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Book V. the Nabob, which the known wish of the Governor-General could not fail
by them that the Subah's government was annihilated, to instruct the Board in what form the
foreign settlements It has been productive of great inconveniences; it has prevented us
from acting with vigour in our disputes with the Dutch and French Instead of regretting,
with Mr. Francis, the occasion which deprives us of so useless and hurtful a disguise, I should
* Of the mode in which such a letter was procured, nobody who knows the relative situation
amounting to 18,000 rupees beyond what he had received. The incapacity of Chap. III. Munny Begum, when compared with Mahomed Reza, could admit of no dis- ^ yj*g~~' pute; and the pernicious influence of the eunuchs who governed her delayed not in giving Hastings uneasiness. On the 10th of October of the same year (1778), he was obliged to write to the Nabob, "that the affairs both of the Phouzdary and Adaulut were in the greatest confusion imaginable, and that daily robberies and murders were perpetrated throughout the country;—that his dependants and people, actuated by selfish and avaricious views, had by their interference so impeded the business of justice, as to throw the whole country into a state of confusion."
Meanwhile the report of this transaction was received in England; and the The Directors Court of Directors, in their letter of the 4th of February, transmit their senti- Jjssjs, J1* ments upon it in the following terms: "We by no means approve your late ?"d orde^jlt to
proceedings on the application of the Nabob Mubarek ul Dowla for the removal of the Naib Subahdar. In regard to the Nabob's desire to take charge of his own affairs, we find it declared by one of your own members, and not contradicted, that the Nabob is, in his own person, utterly incapable of executing any of those offices which were deemed of essential importance to the welfare of the country. The Nabob's letters leave us no doubt of the true design of this extraordinary business being, to bring forward Munny Begum, and again to invest her with improper power and influence, notwithstanding our former declaration, that so great a part of the Nabob's allowance had been embezzled, or misapplied, under her superintendance. You have requested this inexperienced young man, to permit all the present judges and officers of the Nizamut and Phousdary Adauluts,'or courts of criminal justice, and also all the Phousdars or officers appointed to guard the peace of the country, to continue in office until he the Nabob shall have formed a plan for a new arrangement of those offices: And it is with equal surprise and concern, that we observe this request introduced, and the Nabob's ostensible rights so solemnly asserted at this period by our Governor-General; because, on a late occasion, to serve a very different purpose, he has not scrupled to declare it as visible as the light of the sun, that the Nabob is a mere pageant, and without even the shadow of authority. No circumstance has happened, since that declaration was made, to render the Nabob more independent, nor to give him any additional degree of power or consequence; you must therefore have been well apprised that your late concessions to Mubarek ul Dowla were unnecessary, and as such unwarrantable. As we deem it for the welfare of the country, that the office of Naib Vol. Il 3 F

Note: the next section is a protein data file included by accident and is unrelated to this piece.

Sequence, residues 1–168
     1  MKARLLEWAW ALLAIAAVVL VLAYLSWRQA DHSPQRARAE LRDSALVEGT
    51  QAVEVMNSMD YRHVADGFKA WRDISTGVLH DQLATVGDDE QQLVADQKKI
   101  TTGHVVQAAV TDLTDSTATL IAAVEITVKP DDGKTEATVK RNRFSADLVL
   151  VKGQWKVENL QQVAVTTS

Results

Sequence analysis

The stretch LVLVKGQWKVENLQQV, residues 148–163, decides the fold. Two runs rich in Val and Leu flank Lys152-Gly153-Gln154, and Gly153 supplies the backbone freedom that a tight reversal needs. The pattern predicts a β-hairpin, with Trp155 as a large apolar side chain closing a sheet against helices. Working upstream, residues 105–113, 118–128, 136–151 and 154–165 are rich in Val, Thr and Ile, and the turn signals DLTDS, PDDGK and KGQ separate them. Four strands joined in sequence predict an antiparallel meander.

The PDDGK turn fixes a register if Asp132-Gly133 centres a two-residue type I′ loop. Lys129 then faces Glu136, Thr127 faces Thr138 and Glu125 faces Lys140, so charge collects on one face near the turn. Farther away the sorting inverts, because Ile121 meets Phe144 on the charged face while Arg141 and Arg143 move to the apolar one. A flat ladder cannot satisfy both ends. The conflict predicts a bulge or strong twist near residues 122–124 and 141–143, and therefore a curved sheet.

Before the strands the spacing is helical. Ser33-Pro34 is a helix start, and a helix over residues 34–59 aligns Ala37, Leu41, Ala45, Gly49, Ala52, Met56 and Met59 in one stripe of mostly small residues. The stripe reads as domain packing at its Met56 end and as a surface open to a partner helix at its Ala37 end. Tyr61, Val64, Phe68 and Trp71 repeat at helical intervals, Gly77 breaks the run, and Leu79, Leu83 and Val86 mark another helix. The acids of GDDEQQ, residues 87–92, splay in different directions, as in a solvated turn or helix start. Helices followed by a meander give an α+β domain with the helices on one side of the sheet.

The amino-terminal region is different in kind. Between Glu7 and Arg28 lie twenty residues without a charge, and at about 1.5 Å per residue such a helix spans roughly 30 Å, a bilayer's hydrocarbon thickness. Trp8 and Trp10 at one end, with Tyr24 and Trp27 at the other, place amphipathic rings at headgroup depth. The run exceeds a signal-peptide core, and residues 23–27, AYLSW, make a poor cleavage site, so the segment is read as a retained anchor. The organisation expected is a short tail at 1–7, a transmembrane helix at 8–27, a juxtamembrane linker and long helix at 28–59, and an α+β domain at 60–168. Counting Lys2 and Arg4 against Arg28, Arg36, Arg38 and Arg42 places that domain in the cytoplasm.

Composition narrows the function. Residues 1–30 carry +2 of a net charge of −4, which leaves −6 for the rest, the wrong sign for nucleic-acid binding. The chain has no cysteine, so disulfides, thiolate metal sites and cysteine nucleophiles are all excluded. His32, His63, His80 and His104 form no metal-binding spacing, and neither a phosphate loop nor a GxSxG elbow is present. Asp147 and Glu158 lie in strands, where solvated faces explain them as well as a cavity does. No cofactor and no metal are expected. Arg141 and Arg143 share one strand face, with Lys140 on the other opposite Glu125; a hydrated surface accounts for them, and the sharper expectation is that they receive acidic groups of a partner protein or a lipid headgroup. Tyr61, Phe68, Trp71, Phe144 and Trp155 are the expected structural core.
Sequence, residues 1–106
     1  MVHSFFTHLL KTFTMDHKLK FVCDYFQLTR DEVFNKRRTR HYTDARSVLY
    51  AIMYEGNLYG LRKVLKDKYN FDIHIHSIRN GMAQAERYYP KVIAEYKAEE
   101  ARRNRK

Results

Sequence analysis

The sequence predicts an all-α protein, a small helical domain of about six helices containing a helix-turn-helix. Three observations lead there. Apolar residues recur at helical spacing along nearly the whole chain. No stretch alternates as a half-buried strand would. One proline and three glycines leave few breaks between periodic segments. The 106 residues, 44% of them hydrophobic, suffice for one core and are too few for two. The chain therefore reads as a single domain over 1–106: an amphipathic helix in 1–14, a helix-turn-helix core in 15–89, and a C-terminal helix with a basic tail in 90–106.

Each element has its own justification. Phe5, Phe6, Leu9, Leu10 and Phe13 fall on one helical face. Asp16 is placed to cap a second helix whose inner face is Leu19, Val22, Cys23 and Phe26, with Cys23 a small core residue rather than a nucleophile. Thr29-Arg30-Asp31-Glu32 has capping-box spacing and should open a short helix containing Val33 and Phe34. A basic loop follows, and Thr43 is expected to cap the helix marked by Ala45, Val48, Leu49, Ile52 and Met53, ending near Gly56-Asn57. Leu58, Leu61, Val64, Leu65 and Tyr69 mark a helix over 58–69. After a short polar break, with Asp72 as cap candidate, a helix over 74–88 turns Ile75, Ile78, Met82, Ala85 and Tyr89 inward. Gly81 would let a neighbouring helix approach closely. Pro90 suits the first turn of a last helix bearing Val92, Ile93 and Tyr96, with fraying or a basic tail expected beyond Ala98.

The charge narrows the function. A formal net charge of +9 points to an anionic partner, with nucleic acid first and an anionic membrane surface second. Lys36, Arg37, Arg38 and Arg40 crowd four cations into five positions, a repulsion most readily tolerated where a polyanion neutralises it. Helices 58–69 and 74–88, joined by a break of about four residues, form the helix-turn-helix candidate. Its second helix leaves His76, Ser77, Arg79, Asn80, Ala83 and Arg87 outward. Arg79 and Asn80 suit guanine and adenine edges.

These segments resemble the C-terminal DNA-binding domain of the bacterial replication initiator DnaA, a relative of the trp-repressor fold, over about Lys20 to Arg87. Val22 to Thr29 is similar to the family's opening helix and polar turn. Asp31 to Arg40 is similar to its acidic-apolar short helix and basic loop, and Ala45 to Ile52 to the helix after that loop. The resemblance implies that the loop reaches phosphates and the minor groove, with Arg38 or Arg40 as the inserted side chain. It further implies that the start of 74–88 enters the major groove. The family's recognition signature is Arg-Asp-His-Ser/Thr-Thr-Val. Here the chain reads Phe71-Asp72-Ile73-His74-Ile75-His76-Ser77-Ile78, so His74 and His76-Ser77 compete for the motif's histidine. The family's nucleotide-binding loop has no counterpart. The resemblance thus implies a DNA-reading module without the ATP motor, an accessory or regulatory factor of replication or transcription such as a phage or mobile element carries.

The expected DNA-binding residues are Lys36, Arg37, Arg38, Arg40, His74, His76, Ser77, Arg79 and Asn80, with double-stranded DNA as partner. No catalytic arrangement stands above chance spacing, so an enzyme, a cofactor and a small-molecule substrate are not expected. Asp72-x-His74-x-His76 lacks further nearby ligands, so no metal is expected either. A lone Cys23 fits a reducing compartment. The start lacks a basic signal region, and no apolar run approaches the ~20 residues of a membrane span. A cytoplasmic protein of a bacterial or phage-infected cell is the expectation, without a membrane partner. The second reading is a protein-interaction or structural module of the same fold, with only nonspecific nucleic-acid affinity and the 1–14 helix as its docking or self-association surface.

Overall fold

Book V. Subahdar be for the present continued, and that this high office should be filled v*—^^~^/by a person of wisdom, experience, and approved fidelity to the Company; and as we have no reason to alter our opinion of Mahomed Reza Khan, wetively direct, that you forthwith signify to the Nabob Mubarek al Dowla our pleasure, that Mahomed Reza Khan be immediately restored to the office of Naib Subahdar." *
Halation* with The state of the relations between the Company's government and the Mahthe Mahratta ratta powers had for some time pressed with considerable weight upon the atten
State, a source r r ~o r
of uneasiness, tion of the Council. The treaty which had been concluded by Colonel Upton, commonly distinguished by the title of the treaty of Poorunder, had left the minds of the governing party at Poonah, and those of the Bombay Presidency, in a state of mutual jealousy and dissatisfaction. The occupation of Salsette, and the other concessions which had been extorted, but above all the countenance and protection still afforded to Ragoba, rankled in the minds of the Poonah ministry; while the Bombay rulers, condemned and frustrated by the Supreme Council, but encouraged by the approbation of the Court of Directors, stood upon the watch for any plausible opportunity of evading or infringing the treaty. Colonel Upton, though he remained at Poonah till the commencement of the year 1777, departed before any of the material stipulations had been carried into effect. Futty Sing, as by the treaty it had been rendered his interest, disavowed his right to alienate in favour of the Company any portion of the Guicawar dominions; and the Poonah Council made use of the favour shown to Ragoba, as a pretext for delaying or evading the concessions they had made.
A new feature was soon added to these disputes, by the arrival of a French ship in one of the Mahratta ports, and the reception given at Poonah to gentlemen whom she landed, as on a mission from the king of France. circumstance strongly excited English jealousy and fears. The object at which the French were supposed to aim, was the establishment of a factory at Poonah; and the acquisition of a sea-port on the coast of Malabar. The acquisition of these advantages would enable them, it was apprehended, to sustain a competition with the English in matters of trade, and to annoy them seriously in a period of war. The asseverations of the Mahratta government, that nothing was in view prejudicial to the Company, gave little satisfaction. Colonel Upton,